In the past year new information has emerged concerning the state of mental healthcare and the mentally ill in China. According to the World Health Organization, mental illness supersedes heart disease and cancer as the most taxing health concern in China’s healthcare system. An estimated 100 million people in China have some type of mental disorder although some say this number is likely higher due to the dearth of information available and the lack of public awareness regarding mental illness. Xinhua reports that “twenty percent of all ailments and injury-led disabilities in China” are caused by mental illness. Dr. Huang Yueqin, director of the National Center for Mental Health, told Telegraph that she estimates only about 5 percent of those with illnesses are aware of it and receive treatment. (It is important to note the range of illnesses covered under these statistics, which include anxiety and Internet addiction as well as depression and schizophrenia.)
The history of mental healthcare in China has been shaky at best. No healthcare facilities existed in the country until physician Dr. John G. Kerr opened the Canton Refuge for the Insane in 1898. Although he initially received little support, the need for such an institution was clear. At the time, most severely ill patients were treated harshly, often restrained. Kerr insisted on treatment that emphasized freedom and space over chains and imprisonment. Over time the Refuge grew to hold 500 beds and changed the way mental illness was viewed in China.
With the closely-knit family culture of China, the mentally ill have traditionally been taken care of at home. Because of the social stigma and lack of education attached to mental illness, family members can lose face. Consequently, the ill are sometimes hidden or poorly treated. Often people with mental illness receive no treatment or treatment using Chinese herbal remedies.
During China’s tumultuous mid-century, all asylums were closed. In the fifty years hence China has not had adequate healthcare for the mentally ill and in some ways the situation has become similar to that faced by Dr. Kerr. Instead of caring for the mentally ill, they may be poorly treated, neglected, and even left to their own devices where they do themselves and others harm. A recent article in the China Daily reported a string of killings perpetrated by one mentally ill man who was repeatedly released because he was found to have a mental disorder and was not acting of his own volition.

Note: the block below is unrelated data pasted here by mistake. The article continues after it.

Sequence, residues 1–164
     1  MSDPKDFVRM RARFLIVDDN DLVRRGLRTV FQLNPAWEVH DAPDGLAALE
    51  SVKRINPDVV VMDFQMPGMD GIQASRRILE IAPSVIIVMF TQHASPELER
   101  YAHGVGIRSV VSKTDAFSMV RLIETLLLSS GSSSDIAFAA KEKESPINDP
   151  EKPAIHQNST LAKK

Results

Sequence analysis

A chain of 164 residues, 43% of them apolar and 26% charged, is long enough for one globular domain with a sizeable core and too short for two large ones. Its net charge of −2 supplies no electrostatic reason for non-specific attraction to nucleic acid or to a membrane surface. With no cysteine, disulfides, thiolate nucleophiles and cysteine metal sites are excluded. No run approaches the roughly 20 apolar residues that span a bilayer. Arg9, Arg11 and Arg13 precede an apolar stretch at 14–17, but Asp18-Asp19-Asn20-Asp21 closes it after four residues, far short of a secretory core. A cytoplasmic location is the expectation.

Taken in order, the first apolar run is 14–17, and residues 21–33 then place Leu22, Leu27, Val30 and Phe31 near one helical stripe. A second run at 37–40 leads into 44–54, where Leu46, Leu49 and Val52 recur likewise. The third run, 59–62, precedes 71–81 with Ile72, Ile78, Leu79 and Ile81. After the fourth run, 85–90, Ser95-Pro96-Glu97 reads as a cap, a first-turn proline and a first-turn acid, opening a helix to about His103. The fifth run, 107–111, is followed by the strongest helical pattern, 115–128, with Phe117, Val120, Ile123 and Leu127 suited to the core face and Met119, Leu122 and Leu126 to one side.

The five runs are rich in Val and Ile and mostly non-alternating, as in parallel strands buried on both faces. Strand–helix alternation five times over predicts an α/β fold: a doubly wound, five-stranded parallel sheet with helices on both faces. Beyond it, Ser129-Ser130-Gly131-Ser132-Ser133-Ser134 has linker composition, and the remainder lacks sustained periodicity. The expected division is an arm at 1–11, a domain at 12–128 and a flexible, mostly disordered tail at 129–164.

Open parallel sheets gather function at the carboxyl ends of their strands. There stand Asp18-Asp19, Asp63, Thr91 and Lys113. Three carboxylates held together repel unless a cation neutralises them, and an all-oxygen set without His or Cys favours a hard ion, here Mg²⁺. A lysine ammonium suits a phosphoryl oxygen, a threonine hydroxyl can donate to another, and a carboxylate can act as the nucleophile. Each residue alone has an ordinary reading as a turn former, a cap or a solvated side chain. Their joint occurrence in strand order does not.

All segments of the Chinese population face problems related to mental health from rural women who bring China’s suicide rate to the highest in the world to businesspeople affected by the economic downturn to victims coping with the trauma and loss caused by the Sichuan earthquake.
Clearly there is a need for more education, legislation, and healthcare for the mentally ill. Few people are diagnosed and most Chinese have little to no framework to think about mental illnesses, especially in rural areas. Even those who have been diagnosed often reject treatment because the medical bills are more than they can afford. With the small number of psychologist, psychiatrists, and mental health facilities in China, it would be extremely difficult to treat any surge in mentally ill patients.
To be fair every developing country faces this issue and while change has been a long time coming, the fact that this issue has become a topic of conversation is a huge step forward for China. For the first time ever the five-year plan (2007-2012) has mental illness as a primary field of research. In April, the Municipal Health Bureau said it would make psychiatric departments mandatory in more hospitals in Beijing where it is estimated that 150,000 people are afflicted with a serious mental illness and there are only 6,900 beds to accommodate them. In instances such as the Sichuan earthquake it has been encouraging to see the powers that be seek help to better meet the needs of the people. As knowledge grows within the Chinese medical system and government, I believe we can expect to see more positive changes that will educate the public on matters of mental health and that will protect and treat those with mental illness so that they are able to live more sustainable, healthy lives.